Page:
There are 24 hours in a day, seven days in a week, and (roughly) 365 days in a year. There are 60 minutes in an hour and 60 seconds in a minute. You probably knew all that. But you know it because you’ve committed it to memory — it’s not something you can reason out. A lot of measurements — at least in areas that haven’t switched to the Metric system — suffer from that design flaw. Instead of there being a base unit (say, a meter) with other units simply being some power of ten larger or smaller (kilometers, centimeters, to further our example), we end up with 7s and 24s and 60s and all sorts of other numbers which do not match the number of fingers we have.
It’s not entirely clear why our days have two 12-hour halves or why our hours have 60 minutes of 60 seconds each. Per Scientific America, the ancient Egyptians are possibly the culprit — “the importance of the number 12 is typically attributed either to the fact that it equals the number of lunar cycles in a year or the number of finger joints on each hand (three in each of the four fingers, excluding the thumb), making it possible to count to 12 with the thumb.” Or maybe it’s the ancient Babylonians, who, for some reason, used a base 60 system. (And note, 60 is just 12 times five.) But neither of those two measures are as important as they used to be. So, why haven’t we switched to decimal time?
Well, if the French Revolution is any indication, it’s because regular people don’t really care about the math behind the clock.
Starting in the 1750s and continuing onward, a handful of philosophers and mathematicians began to write about their struggles with the base 12 system — it seemed counterintuitive or, at least, antiquated. The same was true for other aspects of the non-base 10 world, particularly weights and measures. Why are there 12 inches to a foot? Or 14 pounds to a stone?
When the French revolted against the monarchy forty-something years later, the political upheaval spread beyond politics and into this realm. After the storming of the Bastille, the French nobility made many concessions to the revolutionary forces, among which was relinquishing control over what were official weights and measures. (If you control how things are measured, you can control the results.) This became the first major foray into the metric system, even though it didn’t stick immediately. (France dropped this precursor to the modern metric system in 1812 and re-adopted a new one in 1837. If you want to learn more, the “history of the metric system” entry on Wikipedia is an interesting, but long, read.)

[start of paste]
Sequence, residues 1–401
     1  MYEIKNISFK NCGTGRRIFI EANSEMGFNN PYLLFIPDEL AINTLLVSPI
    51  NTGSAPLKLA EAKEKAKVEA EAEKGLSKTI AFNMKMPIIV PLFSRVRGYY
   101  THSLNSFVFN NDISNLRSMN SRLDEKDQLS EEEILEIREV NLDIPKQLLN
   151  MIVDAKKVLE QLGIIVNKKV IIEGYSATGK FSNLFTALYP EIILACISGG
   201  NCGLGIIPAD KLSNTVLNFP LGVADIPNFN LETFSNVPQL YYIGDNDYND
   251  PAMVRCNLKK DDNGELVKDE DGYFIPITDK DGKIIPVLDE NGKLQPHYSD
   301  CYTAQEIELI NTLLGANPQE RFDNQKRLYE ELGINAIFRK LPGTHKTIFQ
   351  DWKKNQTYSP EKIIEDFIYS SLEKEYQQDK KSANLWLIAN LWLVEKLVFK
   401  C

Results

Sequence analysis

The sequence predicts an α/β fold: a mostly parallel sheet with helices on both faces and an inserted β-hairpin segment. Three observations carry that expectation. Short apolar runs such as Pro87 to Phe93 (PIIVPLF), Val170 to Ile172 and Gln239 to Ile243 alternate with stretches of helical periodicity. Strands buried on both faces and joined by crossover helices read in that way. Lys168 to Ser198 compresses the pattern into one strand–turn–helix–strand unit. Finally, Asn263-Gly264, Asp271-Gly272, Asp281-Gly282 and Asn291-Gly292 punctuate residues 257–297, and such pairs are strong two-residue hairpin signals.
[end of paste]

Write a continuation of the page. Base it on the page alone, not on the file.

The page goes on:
But the revolutionaries weren’t only concerned with pounds and inches; they also tried to reform the minutes and hours, too, using something now called “French Revolutionary Time” or “French Republican Time,” depending on which source you go by. The idea was simple — ten hour days, with each hour consisting of 100 minutes, and each new minute made up of 100 seconds. On November 24, 1793, per Mental Floss, this base 10 system became the law of the land, and clockmakers began to produce things like the item depicted above to further those efforts. As you can see, the two center rings are base 100 and 10, respectively from the center out, while the traditional time is measured on the outside rings. The arm of the clock pointing at 8 o’clock in the new system is also pointing to a few minutes before 7:15 PM in the old system.
And the change didn’t stop there. Gone were seven day weeks — they were replaced by a ten-day week. Each month was now 30 days, no more, no less, each made up three weeks. There were still 12 months, in order to make the math work out correctly (roughly), but each month was renamed to reflect the seasons as experienced by someone in Paris. Five or six (on leap years) celebratory days came at the end of the year, bringing us to the same 365 days in the current calendar.
Or, at least, that was what the law said. In practice, people didn’t really care to change how they kept time — as Mental Floss further notes, unlike weights and measures, which impacted trade and commerce, “there were few practical reasons for non-mathematicians to change how they told time.” The base 12 system was good enough — plus, their clocks didn’t need to be replaced, which sounds like a silly reason, but the cost of changing over every single clock was significant.
Failing to get the people on board, the new government ultimately gave up the effort. The decimal time experiment lasted less than 18 (regular) months; by spring of 1795, the French leadership dropped the edict.
Related: Who needs decimal time when you can have binary time?